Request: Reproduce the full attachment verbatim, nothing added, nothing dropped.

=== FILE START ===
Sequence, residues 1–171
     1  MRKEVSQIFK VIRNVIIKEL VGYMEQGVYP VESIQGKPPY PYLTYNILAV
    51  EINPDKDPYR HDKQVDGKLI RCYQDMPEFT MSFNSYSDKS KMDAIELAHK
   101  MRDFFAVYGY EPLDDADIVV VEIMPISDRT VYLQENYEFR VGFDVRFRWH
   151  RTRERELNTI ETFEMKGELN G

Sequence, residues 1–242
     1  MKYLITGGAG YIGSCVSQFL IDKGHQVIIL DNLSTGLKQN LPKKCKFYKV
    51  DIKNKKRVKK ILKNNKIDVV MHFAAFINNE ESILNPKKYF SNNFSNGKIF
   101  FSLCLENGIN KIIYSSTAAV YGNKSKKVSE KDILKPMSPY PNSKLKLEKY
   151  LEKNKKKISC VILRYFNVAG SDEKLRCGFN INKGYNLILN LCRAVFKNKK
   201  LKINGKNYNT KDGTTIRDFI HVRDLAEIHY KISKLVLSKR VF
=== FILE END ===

Sequence, residues 1–171
     1  MRKEVSQIFK VIRNVIIKEL VGYMEQGVYP VESIQGKPPY PYLTYNILAV
    51  EINPDKDPYR HDKQVDGKLI RCYQDMPEFT MSFNSYSDKS KMDAIELAHK
   101  MRDFFAVYGY EPLDDADIVV VEIMPISDRT VYLQENYEFR VGFDVRFRWH
   151  RTRERELNTI ETFEMKGELN G

Sequence, residues 1–242
     1  MKYLITGGAG YIGSCVSQFL IDKGHQVIIL DNLSTGLKQN LPKKCKFYKV
    51  DIKNKKRVKK ILKNNKIDVV MHFAAFINNE ESILNPKKYF SNNFSNGKIF
   101  FSLCLENGIN KIIYSSTAAV YGNKSKKVSE KDILKPMSPY PNSKLKLEKY
   151  LEKNKKKISC VILRYFNVAG SDEKLRCGFN INKGYNLILN LCRAVFKNKK
   201  LKINGKNYNT KDGTTIRDFI HVRDLAEIHY KISKLVLSKR VF